“We want to invest in a game where the playing of the game includes all the roles of the music business, and the output of the game is real music and real pop stars. I’ve been trying to make this investment for three years. I feel it’s inevitable…”
If that startup exists, Bob Moczydlowsky, MD of the Techstars Music accelerator, is determined to find it. In fact, he’s looked at around a dozen startups during that last three years who were close but not quite the “full musical Hunger Games” venture that he can see clearly in his head.
“All of the parts are out there, and all of the consumer viewing/entertainment habits too. We have television shows that do this, it’s been predicted in pop culture a lot… Maybe there’s some structural reason why it wouldn’t work, but I feel it’s time for that to exist!”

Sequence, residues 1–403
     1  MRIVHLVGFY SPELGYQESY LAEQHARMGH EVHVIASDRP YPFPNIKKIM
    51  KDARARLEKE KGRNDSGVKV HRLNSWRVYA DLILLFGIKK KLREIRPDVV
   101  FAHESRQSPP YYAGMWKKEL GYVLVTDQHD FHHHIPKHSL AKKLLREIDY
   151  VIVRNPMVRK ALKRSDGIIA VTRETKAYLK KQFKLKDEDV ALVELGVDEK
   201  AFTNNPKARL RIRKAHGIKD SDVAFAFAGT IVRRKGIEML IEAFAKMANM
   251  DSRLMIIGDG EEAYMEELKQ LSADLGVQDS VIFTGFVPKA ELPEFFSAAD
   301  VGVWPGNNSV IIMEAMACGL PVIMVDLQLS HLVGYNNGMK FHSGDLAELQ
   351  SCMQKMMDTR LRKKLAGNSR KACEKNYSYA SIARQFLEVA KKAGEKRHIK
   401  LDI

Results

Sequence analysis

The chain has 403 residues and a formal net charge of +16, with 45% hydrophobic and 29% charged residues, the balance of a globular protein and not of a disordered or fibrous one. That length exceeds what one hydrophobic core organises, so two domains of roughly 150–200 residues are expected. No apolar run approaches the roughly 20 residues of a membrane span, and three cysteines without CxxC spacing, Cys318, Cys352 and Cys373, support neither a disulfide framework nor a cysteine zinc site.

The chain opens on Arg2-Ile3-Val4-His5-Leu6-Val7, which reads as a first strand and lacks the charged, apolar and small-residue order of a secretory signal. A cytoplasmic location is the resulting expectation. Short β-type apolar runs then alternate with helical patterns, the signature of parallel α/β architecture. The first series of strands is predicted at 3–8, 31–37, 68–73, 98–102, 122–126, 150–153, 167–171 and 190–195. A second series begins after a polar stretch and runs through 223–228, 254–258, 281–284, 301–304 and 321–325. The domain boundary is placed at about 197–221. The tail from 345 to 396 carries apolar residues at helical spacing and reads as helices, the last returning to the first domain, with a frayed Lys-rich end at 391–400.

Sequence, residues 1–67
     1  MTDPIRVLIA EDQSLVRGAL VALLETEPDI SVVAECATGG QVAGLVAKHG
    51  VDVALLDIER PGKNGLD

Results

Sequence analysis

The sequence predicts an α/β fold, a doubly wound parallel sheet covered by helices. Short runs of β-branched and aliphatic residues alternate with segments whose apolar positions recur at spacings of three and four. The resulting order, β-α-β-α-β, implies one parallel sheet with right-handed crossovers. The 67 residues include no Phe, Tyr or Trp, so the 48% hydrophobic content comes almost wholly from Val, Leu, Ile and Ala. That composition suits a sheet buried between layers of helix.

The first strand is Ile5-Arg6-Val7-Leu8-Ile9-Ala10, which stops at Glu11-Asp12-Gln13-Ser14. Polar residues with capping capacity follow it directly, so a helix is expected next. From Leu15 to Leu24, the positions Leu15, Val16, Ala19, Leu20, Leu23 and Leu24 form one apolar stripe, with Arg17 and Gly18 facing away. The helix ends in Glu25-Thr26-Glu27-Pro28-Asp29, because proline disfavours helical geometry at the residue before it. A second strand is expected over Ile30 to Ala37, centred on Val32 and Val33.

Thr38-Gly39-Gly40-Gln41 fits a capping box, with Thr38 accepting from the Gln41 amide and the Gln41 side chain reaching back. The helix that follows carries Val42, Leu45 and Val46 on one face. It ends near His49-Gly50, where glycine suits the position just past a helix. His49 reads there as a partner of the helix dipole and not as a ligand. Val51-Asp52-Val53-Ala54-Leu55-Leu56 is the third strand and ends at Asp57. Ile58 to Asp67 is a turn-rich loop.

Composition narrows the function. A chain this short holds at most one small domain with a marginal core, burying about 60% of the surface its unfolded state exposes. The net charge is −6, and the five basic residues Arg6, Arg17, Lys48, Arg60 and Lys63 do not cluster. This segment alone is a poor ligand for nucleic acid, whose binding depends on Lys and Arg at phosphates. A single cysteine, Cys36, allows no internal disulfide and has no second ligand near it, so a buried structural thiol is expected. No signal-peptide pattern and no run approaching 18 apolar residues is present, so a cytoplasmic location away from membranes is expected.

Perhaps it’ll be fourth year lucky for Moczydlowsky and Techstars Music. Today, the accelerator is announcing its plans for its fourth cohort of startups in 2020, with plans for a ‘recruiting tour’ that will visit New York, Los Angeles, Tokyo, Brisbane, Sydney, Nashville, Atlanta, London, Berlin, Helsinki, Paris and Stockholm in the next few months, scouting for startups.
By December, 10 startups will have been chosen to join the 2020 Techstars Music programme, which kicks off in early February, taking $120k of investment each in the process.
There’s also a new partner on board: film/TV/music group Entertainment One, which joins Warner Music Group, Q Prime Management, Bill Silva Entertainment, Sony, Concord, Royalty Exchange, RecoChoku, Avex and Peloton as a ‘member company’ providing funding, but also helping to choose the startups; run the programme and provide follow-on mentoring and (in some cases) investment.